Prime London sales market remains resilient: Knight Frank


After a weak final quarter last year, price declines in prime London markets appear to be “bottoming out”, the latest Knight Frank sales report reveals.

The report finds that average prices were flat on a quarterly basis in prime central London (PCL) in February.

This compares to the decline of 0.6% recorded in the three months to December.

Prices in prime outer London (POL) recorded their first monthly rise of 0.2% in February since September.

The average rate for a five-year fixed mortgage is headed below 4% after spiking above 6% in the aftermath of the mini-Budget.

Knight Frank’s head of UK residential research Tom Bill explains that financial markets “took fright at the inflationary potential of the previous government’s low-tax economic plans, but nerves are settling under new prime minister Rishi Sunak”.

“That said, double-digit inflation has led to successive bank rate hikes and pushed mortgage costs higher. This time last year a five-year fix was priced below 2%,” Bill adds.

Demand remains strong against the relatively stable economic backdrop and the number of new prospective buyers registering in the first seven weeks of the year in London was 28% higher than the five-year average.

Meanwhile, the number of new sales instructions was 36% higher.

Bill says this mirrors what is happening across the UK, where the property market has made a better start to the year than expected.

However, activity is stronger in higher price brackets where there is less reliance on mortgage debt with around half of sales in PCL being made in cash.

The number of exchanges above £2m was 66% above the five-year average in January while the number below £2m saw a 12% increase.

The number of new prospective buyers above £2m was 52% higher, while the rise was 20% in the sub-£2m bracket.

On an annual basis, average prices were essentially flat in February in PCL, rising by just 0.9%.

While there was a decrease of 0.5% below £1m, there was a rise of 2.1% between £5m and £10m, reflecting the relatively stronger performance of the market in higher price brackets.

Meanwhile, there was an increase of 3% in POL with an increase of 1.8% below £1m compared to a rise of 4.4% above £5m.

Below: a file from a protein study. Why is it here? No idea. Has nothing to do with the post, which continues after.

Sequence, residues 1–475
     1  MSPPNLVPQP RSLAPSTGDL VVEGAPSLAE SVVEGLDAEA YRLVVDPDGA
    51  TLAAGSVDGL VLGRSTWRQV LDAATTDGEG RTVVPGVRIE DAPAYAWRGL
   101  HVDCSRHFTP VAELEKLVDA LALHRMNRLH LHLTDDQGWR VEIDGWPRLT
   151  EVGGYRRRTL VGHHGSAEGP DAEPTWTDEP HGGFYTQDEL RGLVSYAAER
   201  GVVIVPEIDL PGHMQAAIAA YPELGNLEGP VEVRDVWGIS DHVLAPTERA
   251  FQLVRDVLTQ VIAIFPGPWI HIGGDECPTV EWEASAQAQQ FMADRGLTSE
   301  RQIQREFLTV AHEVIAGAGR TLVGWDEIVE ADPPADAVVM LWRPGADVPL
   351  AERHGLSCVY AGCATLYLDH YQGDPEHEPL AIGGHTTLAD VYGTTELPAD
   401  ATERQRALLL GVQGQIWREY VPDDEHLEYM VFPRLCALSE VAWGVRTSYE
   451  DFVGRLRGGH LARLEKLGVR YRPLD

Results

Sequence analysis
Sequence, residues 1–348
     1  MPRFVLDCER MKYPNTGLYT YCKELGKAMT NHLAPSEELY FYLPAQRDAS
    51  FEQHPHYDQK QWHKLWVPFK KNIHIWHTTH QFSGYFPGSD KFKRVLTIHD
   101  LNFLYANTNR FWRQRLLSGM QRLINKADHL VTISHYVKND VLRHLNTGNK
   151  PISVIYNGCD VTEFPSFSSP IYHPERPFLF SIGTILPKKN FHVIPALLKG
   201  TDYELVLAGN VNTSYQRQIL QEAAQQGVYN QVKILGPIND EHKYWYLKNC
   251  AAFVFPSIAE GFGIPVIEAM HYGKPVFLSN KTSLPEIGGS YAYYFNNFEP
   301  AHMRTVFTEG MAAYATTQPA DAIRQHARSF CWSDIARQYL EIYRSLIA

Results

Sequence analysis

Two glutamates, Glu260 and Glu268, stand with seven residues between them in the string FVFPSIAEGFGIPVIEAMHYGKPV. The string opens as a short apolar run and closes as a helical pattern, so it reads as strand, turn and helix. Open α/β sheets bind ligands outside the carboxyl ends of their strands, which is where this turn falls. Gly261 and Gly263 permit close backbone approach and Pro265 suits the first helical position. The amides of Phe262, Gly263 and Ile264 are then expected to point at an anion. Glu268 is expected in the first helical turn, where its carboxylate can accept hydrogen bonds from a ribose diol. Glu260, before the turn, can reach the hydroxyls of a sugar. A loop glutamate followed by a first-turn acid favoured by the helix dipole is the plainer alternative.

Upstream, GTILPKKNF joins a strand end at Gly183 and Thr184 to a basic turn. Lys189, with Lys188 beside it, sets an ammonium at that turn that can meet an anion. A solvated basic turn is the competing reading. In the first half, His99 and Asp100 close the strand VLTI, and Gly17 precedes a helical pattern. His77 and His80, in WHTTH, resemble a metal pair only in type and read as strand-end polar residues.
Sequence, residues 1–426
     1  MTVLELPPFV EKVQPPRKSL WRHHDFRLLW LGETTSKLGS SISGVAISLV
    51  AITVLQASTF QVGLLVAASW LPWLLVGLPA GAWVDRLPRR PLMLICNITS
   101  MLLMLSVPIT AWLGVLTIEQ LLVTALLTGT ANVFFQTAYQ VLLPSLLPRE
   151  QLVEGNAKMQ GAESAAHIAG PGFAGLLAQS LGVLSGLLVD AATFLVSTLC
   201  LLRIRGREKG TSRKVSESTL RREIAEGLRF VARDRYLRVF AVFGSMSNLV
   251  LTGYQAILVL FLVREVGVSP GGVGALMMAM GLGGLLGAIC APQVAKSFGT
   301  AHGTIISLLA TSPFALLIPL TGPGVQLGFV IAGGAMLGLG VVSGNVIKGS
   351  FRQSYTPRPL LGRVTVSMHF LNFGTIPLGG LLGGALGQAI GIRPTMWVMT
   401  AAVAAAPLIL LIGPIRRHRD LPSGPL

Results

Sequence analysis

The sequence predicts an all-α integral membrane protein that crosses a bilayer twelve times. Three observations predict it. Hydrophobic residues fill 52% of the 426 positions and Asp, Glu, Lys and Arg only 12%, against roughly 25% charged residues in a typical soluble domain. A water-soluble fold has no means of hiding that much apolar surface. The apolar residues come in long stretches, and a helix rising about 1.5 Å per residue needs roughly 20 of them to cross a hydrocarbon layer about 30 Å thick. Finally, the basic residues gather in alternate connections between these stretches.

Bill says Knight Frank expects prices in PCL to outperform most UK markets over the next few years, based on data from the latest forecast.

Knight Frank’s prediction is underpinned by the higher percentage of cash buyers, currency discount for overseas buyers and the fact prices remain 15% below their last peak in August 2015.

Commenting on the latest report, Knight Frank head of London sales Rory Penn states: “Nerves have settled and the aftershock of the mini-Budget is dissipating.”

“However, the true test of strength across all price points will be the spring market.”

Knight Frank also release its latest lettings report which reveals that the number of lettings instructions in London was 21% lower in the second fortnight of the year and 12% down in the following two-week period, compared to the first two weeks of 2023.

“The strength of the sales market since Christmas has taken most people by surprise,” says Knight Frank head of lettings Gary Hall.

“It means the flow of stock we had started to see come across to the lettings market in some areas has slowed down. This will keep supply tight and maintain upward pressure on rents in the short-term.”

Rental values are still 26% higher in PCL than before the pandemic while the equivalent figure in prime outer London is 23%.

Rents have been pushed higher by stock shortages over the last 18 months, while the re-opening of offices and universities has boosted demand.

Supply has struggled to keep pace as owners took advantage of a resurgent sales market, which was turbo-charged by a stamp duty holiday.

Prospective landlords have also been put off by tax hikes in recent years and the prospect of further legislative changes, intensifying upwards pressure on rents.

It means prospective tenants could face the frustration of supply that stays lower for longer.

Average rental values grew by 18% in the year to February in PCL while the equivalent rise in POL was 15.6%.

Knight Frank head of PCL lettings David Mumby adds: “Based on the evidence of the last few weeks, it looks increasingly unlikely that the lettings market will return to any sense of normality this year.”

“Despite an initial flurry at the start of January, stock levels again feel low across all price points and prospective tenants will need to remain decisive when looking for a rental property.”

Related post